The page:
A New Hampshire Walmart refused to print photographs because it showed a breastfeeding mother.
A mother who hired a photographer to take photos of her breastfeeding her daughter says the local Walmart refused to print the images because they were “inappropriate.”
Iris Litterio met photographer Jennifer Luna in a New Hampshire mums’ group and hired her to commemorate her journey through nursing.
“Originally, I just wanted to make it six weeks, and my daughter and I ended up getting the hang of it and we’ve made it almost 15 months,” Litterio tells Yahoo Parenting.
“I wanted to celebrate that.”
Luna, a nursing mother herself, says she offers photo shoots with breastfeeding mums because she wants to capture the bond that nursing creates.
“You only have a few months, or maybe a few years, of your child’s life that you do this,” she tells Yahoo Parenting.
“You will never see this look in their eyes again, and that’s what I want to offer.”
But when Luna went to print the photos at Walmart, in order to use them for a poster to raise breastfeeding awareness at a local latch-on event, she had no luck.
After trying to print at a kiosk, Luna says she got the attention of an employee who she hoped would assist her with the machine.
“The printer was cutting off the sides of the collage, but the employee told me, ‘It doesn’t matter that they aren’t printing right, you cannot print them here, it’s against company policy because you can see nipple,’” Luna says.
“But that is not the case."
"The nipple is inside the child’s mouth; you can see a little bit of areola.”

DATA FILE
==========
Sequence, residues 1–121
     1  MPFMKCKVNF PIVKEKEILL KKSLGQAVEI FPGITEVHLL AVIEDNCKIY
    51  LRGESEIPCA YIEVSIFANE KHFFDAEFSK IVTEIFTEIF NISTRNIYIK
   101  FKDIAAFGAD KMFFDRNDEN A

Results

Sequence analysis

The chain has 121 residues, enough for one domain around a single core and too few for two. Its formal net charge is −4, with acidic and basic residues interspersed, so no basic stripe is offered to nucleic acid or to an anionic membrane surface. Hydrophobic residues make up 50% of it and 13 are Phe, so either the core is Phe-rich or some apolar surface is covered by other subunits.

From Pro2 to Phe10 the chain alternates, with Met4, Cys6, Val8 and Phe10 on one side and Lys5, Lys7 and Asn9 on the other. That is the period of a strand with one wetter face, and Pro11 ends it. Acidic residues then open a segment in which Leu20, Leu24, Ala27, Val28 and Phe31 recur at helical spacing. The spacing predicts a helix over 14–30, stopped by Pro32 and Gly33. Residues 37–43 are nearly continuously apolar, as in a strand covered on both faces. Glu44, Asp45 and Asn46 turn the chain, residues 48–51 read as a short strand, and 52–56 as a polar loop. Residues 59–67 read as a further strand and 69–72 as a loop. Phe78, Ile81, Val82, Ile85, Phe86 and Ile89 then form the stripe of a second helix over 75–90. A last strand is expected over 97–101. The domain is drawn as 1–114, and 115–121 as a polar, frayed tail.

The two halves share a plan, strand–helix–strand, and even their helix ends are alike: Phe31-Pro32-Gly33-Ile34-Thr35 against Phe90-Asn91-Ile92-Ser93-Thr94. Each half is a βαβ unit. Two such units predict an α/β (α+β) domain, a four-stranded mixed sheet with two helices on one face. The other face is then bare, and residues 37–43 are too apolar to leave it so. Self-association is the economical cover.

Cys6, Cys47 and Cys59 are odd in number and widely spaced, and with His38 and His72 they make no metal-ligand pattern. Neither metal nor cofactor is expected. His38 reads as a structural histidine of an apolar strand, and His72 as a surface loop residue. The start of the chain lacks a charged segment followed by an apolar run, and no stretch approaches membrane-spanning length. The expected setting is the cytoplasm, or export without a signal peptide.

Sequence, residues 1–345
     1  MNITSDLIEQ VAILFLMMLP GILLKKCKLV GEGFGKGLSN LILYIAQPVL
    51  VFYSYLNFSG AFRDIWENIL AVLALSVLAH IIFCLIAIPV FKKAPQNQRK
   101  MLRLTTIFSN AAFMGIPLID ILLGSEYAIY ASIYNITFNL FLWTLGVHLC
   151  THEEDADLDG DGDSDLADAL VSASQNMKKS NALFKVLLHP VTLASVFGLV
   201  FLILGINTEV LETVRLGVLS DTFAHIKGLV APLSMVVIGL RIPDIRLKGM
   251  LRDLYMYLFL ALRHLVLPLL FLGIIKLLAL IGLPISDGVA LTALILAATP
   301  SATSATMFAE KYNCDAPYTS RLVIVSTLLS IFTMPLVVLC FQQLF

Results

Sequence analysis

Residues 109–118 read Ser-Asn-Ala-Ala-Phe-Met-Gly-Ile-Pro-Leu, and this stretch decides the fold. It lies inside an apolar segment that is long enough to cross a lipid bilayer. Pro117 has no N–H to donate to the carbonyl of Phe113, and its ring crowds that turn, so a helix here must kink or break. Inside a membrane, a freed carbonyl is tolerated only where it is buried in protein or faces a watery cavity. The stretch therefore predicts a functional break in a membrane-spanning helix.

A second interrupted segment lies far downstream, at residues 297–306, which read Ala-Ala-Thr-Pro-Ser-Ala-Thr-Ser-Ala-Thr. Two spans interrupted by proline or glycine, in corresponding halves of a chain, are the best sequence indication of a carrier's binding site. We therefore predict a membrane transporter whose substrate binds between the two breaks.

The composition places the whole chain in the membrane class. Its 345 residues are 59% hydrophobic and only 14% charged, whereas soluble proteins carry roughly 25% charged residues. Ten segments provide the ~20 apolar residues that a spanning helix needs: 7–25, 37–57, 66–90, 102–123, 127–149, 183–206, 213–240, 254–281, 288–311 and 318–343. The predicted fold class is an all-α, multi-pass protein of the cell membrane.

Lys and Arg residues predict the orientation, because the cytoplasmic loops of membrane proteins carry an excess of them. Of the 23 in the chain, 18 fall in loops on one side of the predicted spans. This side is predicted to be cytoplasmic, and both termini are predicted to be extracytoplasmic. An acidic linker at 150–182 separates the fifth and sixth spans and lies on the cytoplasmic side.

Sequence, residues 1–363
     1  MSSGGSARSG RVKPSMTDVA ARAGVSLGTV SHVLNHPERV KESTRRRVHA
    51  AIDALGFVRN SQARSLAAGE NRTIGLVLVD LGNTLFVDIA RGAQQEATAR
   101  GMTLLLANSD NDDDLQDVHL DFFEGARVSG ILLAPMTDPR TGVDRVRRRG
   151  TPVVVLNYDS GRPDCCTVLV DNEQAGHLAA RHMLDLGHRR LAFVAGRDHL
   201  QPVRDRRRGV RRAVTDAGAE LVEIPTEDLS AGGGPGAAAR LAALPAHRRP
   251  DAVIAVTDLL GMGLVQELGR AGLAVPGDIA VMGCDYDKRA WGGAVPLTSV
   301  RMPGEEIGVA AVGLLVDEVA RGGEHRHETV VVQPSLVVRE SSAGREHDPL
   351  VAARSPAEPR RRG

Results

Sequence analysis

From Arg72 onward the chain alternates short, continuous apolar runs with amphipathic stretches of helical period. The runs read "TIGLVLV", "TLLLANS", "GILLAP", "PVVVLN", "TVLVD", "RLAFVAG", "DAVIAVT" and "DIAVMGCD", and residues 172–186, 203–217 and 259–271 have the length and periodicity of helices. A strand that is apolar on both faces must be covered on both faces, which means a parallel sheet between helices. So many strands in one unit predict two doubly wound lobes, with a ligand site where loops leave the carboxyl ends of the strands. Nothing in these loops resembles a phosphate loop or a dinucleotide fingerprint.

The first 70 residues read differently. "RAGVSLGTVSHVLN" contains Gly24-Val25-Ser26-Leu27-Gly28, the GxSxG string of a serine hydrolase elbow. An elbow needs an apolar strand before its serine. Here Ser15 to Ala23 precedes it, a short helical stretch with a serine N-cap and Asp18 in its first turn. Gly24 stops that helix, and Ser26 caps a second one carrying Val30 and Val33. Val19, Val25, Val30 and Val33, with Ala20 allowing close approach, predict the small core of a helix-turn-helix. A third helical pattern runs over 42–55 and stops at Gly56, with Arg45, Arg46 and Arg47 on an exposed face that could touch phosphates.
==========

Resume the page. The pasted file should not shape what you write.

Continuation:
Luna said she asked to speak with a store manager, and while she waited for the manager to arrive, the employee grabbed each of the photos, Luna had originally tried to print 30, from the printer before Luna could get to them.
“She was snatching them away to be sure I couldn’t get a hold of them,” she says.
When the manager did arrive, Luna says he was equally unhelpful.
“I tried to explain the pictures to him, but he said it didn’t matter my reasoning, the pictures were against company policy and that in the future I would have to take my business of this type elsewhere.”
The manager also referred to the photos as “inappropriate.”
Luna says she eventually had the pictures printed at Staples, where she encountered no issues.
Erin Hofmann, a Walmart spokesperson, says the retailer has since reached out to Luna and apologised for her experience.
“There was a newer associate who was operating under misinformation."
"We do have policies in place that prevent us from printing certain types of photographs, but breastfeeding does not fall under that category,” she tells Yahoo Parenting.
“We strive to provide a good customer experience, and unfortunately that didn’t happen here."
"We sincerely apologise for the customer’s experience. The policy has been clarified to the employees. We have tried to make it right.”
Luna says she received an apology from the store more than two weeks after the incident, and only after the story was covered on the local news.
When members of her local mums’ group originally lodged complaints on Walmart’s Facebook page, Luna says they were told that employees had the right to refuse to print any photos they deemed “obscene and indecent.”